I appreciated the PURL, “Should you reassess your patient’s asthma diagnosis?” (J Fam Pract. 2018;67:704-707) that reminded clinicians to taper asthma controller medications in asymptomatic patients. The articles cited1,2 by Drs. Stevermer and Hayes documented that one-third of the adults enrolled in the respective study with physician-diagnosed asthma did not have objective evidence for asthma and were either over-diagnosed or had remitted. These articles also contained evidence that: 1) over-diagnosis was likely much more common than remission,1 and 2) there was a significant temporal trend towards increasing over-diagnosis/remission during the last several decades. The authors of the cited article1 suggested that the temporal trend could be explained by increased public awareness of respiratory symptoms, more aggressive marketing of asthma medications, and a lack of objective measurement of reversible airway obstruction in primary care. These assertions deserve careful consideration as we strive to diagnose asthma appropriately.
Over-diagnosis/remission is almost certainly not as prevalent (33%) as the authors of the cited articles1,2 reported. The reason is simple selection bias: 1) the cited study2 excluded asthma patients who smoked >10 pack-years (it enrolled 701 asthma patients and excluded 812 asthma patients with a >10 pack-year smoking history), and 2) this study likely did not include asthma patients with the asthma-COPD overlap syndrome, which is treated as asthma and comprises an additional 30% of our patients with chronic airflow limitation (the asthma-COPD spectrum).3 Asthma patients who smoke and/or have the overlap syndrome are prone to severe asthma that is refractory to inhaled corticosteroids.3,4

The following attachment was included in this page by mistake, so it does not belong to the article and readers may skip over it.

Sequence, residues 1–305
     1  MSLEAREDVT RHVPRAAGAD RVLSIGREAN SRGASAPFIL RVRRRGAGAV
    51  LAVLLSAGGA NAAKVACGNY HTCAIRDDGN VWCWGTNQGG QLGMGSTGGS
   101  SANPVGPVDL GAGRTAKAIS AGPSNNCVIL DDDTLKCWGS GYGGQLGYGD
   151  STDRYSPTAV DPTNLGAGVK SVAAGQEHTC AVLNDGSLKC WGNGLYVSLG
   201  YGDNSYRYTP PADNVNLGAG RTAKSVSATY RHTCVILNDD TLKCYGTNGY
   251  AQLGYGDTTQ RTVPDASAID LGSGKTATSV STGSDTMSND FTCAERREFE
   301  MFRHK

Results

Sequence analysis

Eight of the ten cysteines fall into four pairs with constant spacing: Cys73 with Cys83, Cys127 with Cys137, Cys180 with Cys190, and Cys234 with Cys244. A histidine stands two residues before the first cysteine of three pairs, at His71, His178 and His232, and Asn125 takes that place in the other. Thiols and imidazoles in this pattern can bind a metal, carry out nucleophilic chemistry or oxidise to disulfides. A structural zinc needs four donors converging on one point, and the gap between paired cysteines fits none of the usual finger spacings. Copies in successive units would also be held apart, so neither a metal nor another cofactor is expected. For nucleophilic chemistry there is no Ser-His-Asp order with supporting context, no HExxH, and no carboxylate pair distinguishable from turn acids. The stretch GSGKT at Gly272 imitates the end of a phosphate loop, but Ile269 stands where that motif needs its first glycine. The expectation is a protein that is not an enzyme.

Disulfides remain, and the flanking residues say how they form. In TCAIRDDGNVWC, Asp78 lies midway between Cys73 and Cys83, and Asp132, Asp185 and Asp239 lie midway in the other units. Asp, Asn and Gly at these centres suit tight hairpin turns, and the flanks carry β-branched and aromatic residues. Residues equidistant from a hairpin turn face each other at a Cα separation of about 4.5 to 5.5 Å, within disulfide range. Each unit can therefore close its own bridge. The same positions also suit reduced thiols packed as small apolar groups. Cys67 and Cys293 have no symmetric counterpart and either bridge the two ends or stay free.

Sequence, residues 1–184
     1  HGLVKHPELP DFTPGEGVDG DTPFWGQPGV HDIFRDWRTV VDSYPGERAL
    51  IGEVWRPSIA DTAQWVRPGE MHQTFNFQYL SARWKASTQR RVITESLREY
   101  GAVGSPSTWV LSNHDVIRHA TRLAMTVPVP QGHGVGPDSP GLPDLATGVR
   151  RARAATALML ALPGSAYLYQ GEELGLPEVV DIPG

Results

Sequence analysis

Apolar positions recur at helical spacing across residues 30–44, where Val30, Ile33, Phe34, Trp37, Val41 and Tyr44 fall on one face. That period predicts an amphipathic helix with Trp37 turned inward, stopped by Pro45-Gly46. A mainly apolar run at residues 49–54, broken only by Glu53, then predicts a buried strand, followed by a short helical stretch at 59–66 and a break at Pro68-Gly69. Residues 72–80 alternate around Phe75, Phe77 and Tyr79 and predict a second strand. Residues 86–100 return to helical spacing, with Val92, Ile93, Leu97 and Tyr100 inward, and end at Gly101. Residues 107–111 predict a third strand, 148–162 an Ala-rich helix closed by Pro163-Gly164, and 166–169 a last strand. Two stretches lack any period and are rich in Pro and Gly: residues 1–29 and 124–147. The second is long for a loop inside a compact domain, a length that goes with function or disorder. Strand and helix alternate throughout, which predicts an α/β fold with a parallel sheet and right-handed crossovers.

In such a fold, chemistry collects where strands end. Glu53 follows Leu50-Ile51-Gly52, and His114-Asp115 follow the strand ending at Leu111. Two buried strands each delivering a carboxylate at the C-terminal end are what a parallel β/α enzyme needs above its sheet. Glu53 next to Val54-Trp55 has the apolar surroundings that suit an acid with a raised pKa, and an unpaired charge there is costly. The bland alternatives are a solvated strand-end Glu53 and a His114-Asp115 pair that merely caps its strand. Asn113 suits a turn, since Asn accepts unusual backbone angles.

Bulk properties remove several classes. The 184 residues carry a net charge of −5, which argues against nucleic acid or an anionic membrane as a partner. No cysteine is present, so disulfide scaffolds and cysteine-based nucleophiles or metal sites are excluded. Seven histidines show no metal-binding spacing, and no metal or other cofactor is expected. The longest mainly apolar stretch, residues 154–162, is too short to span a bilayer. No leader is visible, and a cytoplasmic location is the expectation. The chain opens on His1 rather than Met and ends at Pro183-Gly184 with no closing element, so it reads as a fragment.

In addition to making the correct diagnosis, it is equally important to be aware of efficacious therapies for severe refractory asthma that primary care clinicians can easily use. There is now good evidence that azithromycin is efficacious for severe refractory asthma5 and should be considered prior to referral for immunomodulatory asthma therapies.6
David L. Hahn, MD, MS
1. Aaron SD, Vandemheen KL, Boulet LP, et al; Canadian Respiratory Clinical Research Consortium. Overdiagnosis of asthma in obese and nonobese adults. CMAJ. 2008;179:1121-1131.
2. Aaron SD, Vandemheen KL, FitzGerald JM, et al; Canadian Respiratory Research Network. Reevaluation of diagnosis in adults with physician-diagnosed asthma. JAMA. 2017;317:269-279.
3. Gibson PG, Simpson JL. The overlap syndrome of asthma and COPD: what are its features and how important is it? Thorax. 2009;64:728-735.
4. Stapleton M, Howard-Thompson A, George C, et al. Smoking and asthma. J Am Board Fam Med. 2011;24;313-322.
5. Gibson PG, Yang IA, Upham JW, et al. Effect of azithromycin on asthma exacerbations and quality of life in adults with persistent uncontrolled asthma (AMAZES): a randomised, double-blind, placebo-controlled trial. Lancet. 2017:390659-668.
6. Hahn DL, Grasmick M, Hetzel S, et al; AZMATICS (AZithroMycin-Asthma Trial In Community Settings) Study Group. Azithromycin for bronchial asthma in adults: an effectiveness trial. J Am Board Fam Med. 2012;25:442-459.
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